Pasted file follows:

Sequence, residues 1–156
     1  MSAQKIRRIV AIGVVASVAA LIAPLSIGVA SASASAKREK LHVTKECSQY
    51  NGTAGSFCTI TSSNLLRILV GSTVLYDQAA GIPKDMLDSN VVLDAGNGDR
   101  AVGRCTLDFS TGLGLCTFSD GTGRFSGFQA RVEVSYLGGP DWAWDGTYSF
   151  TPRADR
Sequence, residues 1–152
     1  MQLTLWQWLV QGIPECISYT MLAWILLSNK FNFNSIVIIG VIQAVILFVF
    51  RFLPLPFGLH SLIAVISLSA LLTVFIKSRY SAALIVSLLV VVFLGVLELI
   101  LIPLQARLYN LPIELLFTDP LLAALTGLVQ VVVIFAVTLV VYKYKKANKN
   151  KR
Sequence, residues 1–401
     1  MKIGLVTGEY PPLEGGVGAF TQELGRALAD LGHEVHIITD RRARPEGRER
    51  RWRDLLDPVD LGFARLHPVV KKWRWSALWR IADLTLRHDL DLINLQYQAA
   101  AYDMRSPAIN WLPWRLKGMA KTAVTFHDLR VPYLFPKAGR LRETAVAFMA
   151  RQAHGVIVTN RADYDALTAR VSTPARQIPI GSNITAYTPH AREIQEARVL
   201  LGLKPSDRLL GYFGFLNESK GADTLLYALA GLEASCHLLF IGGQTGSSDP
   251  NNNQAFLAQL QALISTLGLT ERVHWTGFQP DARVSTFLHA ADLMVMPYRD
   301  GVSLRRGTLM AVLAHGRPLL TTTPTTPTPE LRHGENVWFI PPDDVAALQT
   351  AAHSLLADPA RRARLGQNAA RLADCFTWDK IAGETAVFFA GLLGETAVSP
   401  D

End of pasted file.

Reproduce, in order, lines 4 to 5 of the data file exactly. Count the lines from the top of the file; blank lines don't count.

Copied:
   101  AVGRCTLDFS TGLGLCTFSD GTGRFSGFQA RVEVSYLGGP DWAWDGTYSF
   151  TPRADR